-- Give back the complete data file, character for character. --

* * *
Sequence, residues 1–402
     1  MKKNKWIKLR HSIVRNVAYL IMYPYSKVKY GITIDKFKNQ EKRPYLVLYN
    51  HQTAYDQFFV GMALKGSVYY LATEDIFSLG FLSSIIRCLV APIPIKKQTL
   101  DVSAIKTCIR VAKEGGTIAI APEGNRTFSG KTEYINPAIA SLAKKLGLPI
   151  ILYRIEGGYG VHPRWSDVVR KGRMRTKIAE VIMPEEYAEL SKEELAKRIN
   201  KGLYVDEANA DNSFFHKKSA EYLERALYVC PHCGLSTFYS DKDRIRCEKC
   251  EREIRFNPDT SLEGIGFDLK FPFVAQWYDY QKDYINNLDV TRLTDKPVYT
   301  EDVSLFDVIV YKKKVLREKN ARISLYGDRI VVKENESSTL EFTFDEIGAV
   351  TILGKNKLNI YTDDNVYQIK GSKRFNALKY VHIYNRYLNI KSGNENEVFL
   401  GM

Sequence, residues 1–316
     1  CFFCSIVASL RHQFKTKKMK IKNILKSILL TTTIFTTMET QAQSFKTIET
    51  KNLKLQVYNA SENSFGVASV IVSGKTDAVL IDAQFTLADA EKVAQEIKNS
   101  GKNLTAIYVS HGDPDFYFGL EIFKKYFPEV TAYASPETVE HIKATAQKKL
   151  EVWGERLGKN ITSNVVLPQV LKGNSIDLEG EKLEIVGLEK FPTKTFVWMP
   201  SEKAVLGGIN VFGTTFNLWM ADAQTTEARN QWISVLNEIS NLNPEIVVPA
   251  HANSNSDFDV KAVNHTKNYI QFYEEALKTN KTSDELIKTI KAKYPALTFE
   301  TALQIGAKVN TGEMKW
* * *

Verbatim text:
Sequence, residues 1–402
     1  MKKNKWIKLR HSIVRNVAYL IMYPYSKVKY GITIDKFKNQ EKRPYLVLYN
    51  HQTAYDQFFV GMALKGSVYY LATEDIFSLG FLSSIIRCLV APIPIKKQTL
   101  DVSAIKTCIR VAKEGGTIAI APEGNRTFSG KTEYINPAIA SLAKKLGLPI
   151  ILYRIEGGYG VHPRWSDVVR KGRMRTKIAE VIMPEEYAEL SKEELAKRIN
   201  KGLYVDEANA DNSFFHKKSA EYLERALYVC PHCGLSTFYS DKDRIRCEKC
   251  EREIRFNPDT SLEGIGFDLK FPFVAQWYDY QKDYINNLDV TRLTDKPVYT
   301  EDVSLFDVIV YKKKVLREKN ARISLYGDRI VVKENESSTL EFTFDEIGAV
   351  TILGKNKLNI YTDDNVYQIK GSKRFNALKY VHIYNRYLNI KSGNENEVFL
   401  GM

Sequence, residues 1–316
     1  CFFCSIVASL RHQFKTKKMK IKNILKSILL TTTIFTTMET QAQSFKTIET
    51  KNLKLQVYNA SENSFGVASV IVSGKTDAVL IDAQFTLADA EKVAQEIKNS
   101  GKNLTAIYVS HGDPDFYFGL EIFKKYFPEV TAYASPETVE HIKATAQKKL
   151  EVWGERLGKN ITSNVVLPQV LKGNSIDLEG EKLEIVGLEK FPTKTFVWMP
   201  SEKAVLGGIN VFGTTFNLWM ADAQTTEARN QWISVLNEIS NLNPEIVVPA
   251  HANSNSDFDV KAVNHTKNYI QFYEEALKTN KTSDELIKTI KAKYPALTFE
   301  TALQIGAKVN TGEMKW